Known or suspected resistance to typical antimicrobial agents for UTI Resistance to ciprofloxacin predicts multidrug resistance.
Relapse of UTI is recurrence of symptoms within a month, caused by the same organism, and represents treatment failure. Reinfection is the development of symptoms 1 to 6 months later, after treatment. Reinfection is usually by a different enteric organism or a different serotype of the same organism, and may represent a defect in the defense mechanisms of the host. If a patient has a cluster of infections with more than three recurrences in 1 year, a more complete evaluation may be warranted to look for the presence of structural abnormalities, tumor, renal calculi, or associated systemic illness such as diabetes mellitus.
The most common urinary tract pathogen remains Escherichia coli (Table 94-2). Uropathogenic organisms often have adhesins, fibrillae, or pili that allow the bacteria to adhere to the uroepithelium. Anaerobic organisms do not grow well in urine and are rarely pathogenic. Although complicated UTIs can be caused by E. coli, they are more likely to be caused by unusual pathogens, such as Pseudomonas species or enterococcus.
The infective process of UTI can progress into three patterns of renal infection not commonly considered part of the UTI spectrum: acute bacterial nephritis, renal abscess, and emphysematous pyelonephritis. These diagnoses are made based on imaging studies performed in patients who have an inadequate or atypical response to treatment for presumed acute pyelonephritis. On US or CT images, acute pyelonephritis is represented as a diffusely enlarged kidney with associated perinephric stranding but without focal renal abnormalities. Acute bacterial nephritis produces ill-defined focal areas, sometimes striated or wedge shaped, of decreased density. Renal abscesses appear as well-defined areas of decreased density. Emphysematous pyelonephritis is a rare gas-forming infection within the kidney, nearly always occurring in diabetic individuals (70% to 90% of patients).11 Patients appear toxic and septic. Nephrectomy may be needed to adequately treat emphysematous pyelonephritis.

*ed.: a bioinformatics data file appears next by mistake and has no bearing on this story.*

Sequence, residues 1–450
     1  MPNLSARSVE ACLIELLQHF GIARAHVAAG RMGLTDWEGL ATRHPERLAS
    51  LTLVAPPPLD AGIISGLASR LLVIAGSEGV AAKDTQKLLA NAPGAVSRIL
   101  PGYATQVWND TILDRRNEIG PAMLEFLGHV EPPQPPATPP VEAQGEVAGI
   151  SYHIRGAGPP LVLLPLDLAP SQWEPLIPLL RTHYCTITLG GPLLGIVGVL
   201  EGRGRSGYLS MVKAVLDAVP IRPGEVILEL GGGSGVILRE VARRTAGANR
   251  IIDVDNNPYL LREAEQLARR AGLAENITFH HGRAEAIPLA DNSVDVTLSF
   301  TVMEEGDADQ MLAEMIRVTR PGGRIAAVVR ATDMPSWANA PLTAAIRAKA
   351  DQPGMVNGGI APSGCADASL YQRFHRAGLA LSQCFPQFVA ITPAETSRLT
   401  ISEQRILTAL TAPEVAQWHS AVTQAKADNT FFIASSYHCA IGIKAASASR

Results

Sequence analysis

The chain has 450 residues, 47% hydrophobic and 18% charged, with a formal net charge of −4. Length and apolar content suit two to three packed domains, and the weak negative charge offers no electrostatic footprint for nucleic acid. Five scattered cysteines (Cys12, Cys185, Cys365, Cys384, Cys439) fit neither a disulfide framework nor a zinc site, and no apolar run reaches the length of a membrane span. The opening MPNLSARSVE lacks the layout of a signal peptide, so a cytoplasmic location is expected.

Clinical Features
-UTI requires the presence of both bacteriuria and clinical symptoms for definitive diagnosis